EagleTribune.com, North Andover, MA

September 13, 2013

City home values jump 25 percentin the last year

Real estate observers: Low inventory behind rapid value gains

By Shawn Regan

---- — HAVERHILL — The local residential real estate market is warming at a rapid pace, but tight inventory is keeping it from catching fire, industry watchers and local agents said.

A study of local sales by the city assessor’s office found the median price for a single-family home in Haverhill jumped by 18 percent, from $216,000 to $254,000, in the first seven months this year compared to the first seven months last year.

Residential sales overall, including single-family homes, multifamily homes and condominiums, are up 25 percent for the median property over the same period. Those values increased from $180,000 to $225,000, according to the study.

Haverhill’s real estate gains compare favorably to its neighbors and better than most.

In the all residential sales values category, Haverhill’s 25 percent jump is at the top. Median residential values grew by 19 percent in Newburyport, by 21 percent in Amesbury and by 23 percent in Lawrence, according to the Haverhill study.

Newburyport set the pace in the single-family home category, with the price of the median property jumping by 34 percent, from $365,000 to 490,000, according to Haverhill’s seven-month study of real estate sales. Amesbury saw those values grow by 22 percent from $244,000 to $298,000. The median price of a single-family home in Lawrence rose by 19 percent, the study showed.

The median price of a single-family home rose by 12 percent in Methuen, 9 percent in Andover and 7 percent in North Andover, according to the Haverhill study.

Median residential real estate values overall, including all types of housing, grew by 10 percent in Methuen, 4 percent in Andover and 2 percent in North Andover, the study showed.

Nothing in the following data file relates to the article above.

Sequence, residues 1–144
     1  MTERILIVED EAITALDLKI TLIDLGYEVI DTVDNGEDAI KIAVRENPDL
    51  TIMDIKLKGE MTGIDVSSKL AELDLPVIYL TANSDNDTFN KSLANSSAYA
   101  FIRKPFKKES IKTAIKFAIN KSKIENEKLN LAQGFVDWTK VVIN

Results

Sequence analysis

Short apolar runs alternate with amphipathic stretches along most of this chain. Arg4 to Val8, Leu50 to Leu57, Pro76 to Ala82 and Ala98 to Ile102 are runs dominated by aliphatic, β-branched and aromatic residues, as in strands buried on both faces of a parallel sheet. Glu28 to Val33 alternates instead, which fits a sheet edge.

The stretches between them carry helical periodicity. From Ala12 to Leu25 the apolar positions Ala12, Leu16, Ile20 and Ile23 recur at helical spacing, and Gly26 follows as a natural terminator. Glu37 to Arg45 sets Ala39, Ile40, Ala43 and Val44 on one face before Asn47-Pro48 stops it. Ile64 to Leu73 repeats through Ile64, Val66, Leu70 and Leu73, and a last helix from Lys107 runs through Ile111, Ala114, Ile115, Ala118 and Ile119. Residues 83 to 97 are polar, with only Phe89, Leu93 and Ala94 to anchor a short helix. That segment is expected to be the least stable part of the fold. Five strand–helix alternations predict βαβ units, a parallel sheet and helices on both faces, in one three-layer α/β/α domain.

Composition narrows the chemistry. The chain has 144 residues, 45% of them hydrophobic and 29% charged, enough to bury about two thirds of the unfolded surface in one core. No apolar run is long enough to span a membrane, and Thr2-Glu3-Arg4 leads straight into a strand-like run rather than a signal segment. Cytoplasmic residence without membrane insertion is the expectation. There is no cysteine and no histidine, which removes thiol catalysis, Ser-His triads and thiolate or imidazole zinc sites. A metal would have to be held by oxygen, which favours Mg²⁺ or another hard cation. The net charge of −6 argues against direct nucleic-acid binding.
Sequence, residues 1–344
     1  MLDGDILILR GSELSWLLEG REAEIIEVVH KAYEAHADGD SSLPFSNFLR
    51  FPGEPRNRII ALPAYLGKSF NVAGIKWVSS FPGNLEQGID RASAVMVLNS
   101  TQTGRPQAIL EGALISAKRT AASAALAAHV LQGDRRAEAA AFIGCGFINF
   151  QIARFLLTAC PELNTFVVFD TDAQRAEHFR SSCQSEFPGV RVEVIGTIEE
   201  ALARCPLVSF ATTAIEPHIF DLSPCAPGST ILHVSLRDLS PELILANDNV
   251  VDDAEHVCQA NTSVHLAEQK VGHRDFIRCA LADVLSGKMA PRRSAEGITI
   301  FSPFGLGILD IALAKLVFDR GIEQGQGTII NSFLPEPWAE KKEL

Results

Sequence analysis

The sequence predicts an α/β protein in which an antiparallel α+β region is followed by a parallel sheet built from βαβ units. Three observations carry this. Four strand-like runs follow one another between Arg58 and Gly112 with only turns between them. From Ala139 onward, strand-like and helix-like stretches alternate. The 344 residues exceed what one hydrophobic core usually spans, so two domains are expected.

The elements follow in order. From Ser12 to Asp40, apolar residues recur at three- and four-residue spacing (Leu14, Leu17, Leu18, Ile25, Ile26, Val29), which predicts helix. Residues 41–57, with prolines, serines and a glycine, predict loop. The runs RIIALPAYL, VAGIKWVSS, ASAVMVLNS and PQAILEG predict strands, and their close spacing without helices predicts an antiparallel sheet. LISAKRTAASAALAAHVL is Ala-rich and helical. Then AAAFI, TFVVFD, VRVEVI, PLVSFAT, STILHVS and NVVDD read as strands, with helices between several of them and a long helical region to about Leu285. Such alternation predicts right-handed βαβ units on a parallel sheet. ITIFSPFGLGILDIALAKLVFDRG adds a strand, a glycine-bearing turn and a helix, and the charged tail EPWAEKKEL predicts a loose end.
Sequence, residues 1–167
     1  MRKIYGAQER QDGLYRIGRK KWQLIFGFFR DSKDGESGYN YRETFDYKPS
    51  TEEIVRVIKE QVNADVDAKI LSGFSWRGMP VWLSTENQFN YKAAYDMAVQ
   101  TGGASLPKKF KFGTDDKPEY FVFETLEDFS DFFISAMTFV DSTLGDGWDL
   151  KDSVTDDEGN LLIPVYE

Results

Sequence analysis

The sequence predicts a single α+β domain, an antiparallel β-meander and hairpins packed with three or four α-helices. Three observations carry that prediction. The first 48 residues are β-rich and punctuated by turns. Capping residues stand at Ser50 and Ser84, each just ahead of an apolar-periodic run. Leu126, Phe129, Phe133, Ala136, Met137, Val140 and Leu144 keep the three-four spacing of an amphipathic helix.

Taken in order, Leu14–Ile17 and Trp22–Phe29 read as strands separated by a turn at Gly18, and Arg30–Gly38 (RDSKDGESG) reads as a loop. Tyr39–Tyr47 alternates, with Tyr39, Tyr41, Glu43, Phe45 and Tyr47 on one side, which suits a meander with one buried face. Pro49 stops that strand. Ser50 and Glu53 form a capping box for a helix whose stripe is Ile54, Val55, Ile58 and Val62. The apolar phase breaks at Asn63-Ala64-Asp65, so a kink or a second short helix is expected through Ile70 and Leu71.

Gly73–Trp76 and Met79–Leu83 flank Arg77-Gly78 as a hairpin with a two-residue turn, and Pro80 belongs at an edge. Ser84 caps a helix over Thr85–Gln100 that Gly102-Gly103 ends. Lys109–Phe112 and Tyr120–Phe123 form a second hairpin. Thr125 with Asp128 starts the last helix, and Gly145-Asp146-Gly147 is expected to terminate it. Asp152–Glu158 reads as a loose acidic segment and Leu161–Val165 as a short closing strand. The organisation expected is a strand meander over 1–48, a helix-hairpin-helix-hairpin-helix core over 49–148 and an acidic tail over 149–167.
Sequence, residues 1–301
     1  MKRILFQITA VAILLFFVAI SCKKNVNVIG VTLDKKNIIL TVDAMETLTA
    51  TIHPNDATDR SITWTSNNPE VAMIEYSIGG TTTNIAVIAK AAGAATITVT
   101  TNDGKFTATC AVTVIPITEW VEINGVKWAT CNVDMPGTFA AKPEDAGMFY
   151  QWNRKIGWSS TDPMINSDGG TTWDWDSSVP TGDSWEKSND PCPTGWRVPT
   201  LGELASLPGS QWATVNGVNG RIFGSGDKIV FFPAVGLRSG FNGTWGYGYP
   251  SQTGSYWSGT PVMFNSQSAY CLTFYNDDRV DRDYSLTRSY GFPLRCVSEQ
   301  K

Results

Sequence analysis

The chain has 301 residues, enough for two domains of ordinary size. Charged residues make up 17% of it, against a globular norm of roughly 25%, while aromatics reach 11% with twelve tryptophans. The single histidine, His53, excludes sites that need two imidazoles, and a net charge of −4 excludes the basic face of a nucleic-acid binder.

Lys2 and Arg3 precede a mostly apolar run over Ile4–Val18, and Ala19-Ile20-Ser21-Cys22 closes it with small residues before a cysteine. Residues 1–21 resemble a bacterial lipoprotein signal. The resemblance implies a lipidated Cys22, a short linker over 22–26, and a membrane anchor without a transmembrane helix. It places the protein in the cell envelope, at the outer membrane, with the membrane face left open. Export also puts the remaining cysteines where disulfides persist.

Industry watchers and local real estate agents told a similar story.

Data tracked by the Warren Group, publisher of Banker & Tradesmen, shows the price of a single-family home in Haverhill increased by 32 percent, from $196,500 to $259,000, in the last year.

The trade group said tight inventory has restrained real estate sales across Massachusetts.

“What’s behind the surge in values in Haverhill is the same thing that’s behind the surge in values all over the state: Lack of inventory to meet the demands of home buyers,” said Richard Rosa of Buyers Brokers Only, a Haverhill real estate firm. “Haverhill has the added advantage of being very affordable compared to surrounding towns.”

Rosa said home sales in Haverhill increased by 12 percent to 37 sales in July, up from 33 homes sales in July 2012. The real estate market began an uptick last year, and much of the inventory that was out there got bought up quickly, Rosa said.

According to the Haverhill assessor’s study, there were 14 fewer real estate sales in the first seven months this year compared to that span last year — 435 to 421 — even as the market has improved.

Rosa speculated many potential sellers might be waiting for the market to improve further before listing their homes. Others who realize there’s low inventory, Rosa said, might be worried about finding a new home once they sell the one they currently own.

“Six or seven years ago home values were so high that some people might be waiting for their home to gain all that value back,” he said of another possible factor for the lack of properties on the market.

Rosa expects the upward trend in values to continue, but he added that rising interest rates might temper that growth somewhat. In May, for instance, interest rates on a 20 year real estate loan were between 3.5 and 3.75, Rosa said. In just a few months, they have risen to between 4.5 and 4.75, he said.

“The good news is that if someone wants to sell their house, it’s a good time to sell,” Rosa said. “And that home values are finally going up after a long period of declines.”

Mayor James Fiorentini said the new real estate figures are great news and show Haverhill is moving in the right direction.

“I’ve always thought Haverhill was undervalued and that people don’t realize how good we are,” he said. “These numbers show the word is getting out there.”

Fiorentini said he hopes the real estate uptick will help attract young home buyers to the city. He cautioned, however, that people shouldn’t get overconfident about a seven-month study.

“It’s not long a long enough time to get too confident,” the mayor said. “But it’s a great trend and we hope it continues.”